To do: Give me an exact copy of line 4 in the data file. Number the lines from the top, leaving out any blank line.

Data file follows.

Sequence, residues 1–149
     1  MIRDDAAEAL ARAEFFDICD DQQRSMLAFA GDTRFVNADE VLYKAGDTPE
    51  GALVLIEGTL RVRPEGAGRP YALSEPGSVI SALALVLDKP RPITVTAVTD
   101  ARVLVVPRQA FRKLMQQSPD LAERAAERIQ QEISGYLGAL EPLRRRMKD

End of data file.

   101  ARVLVVPRQA FRKLMQQSPD LAERAAERIQ QEISGYLGAL EPLRRRMKD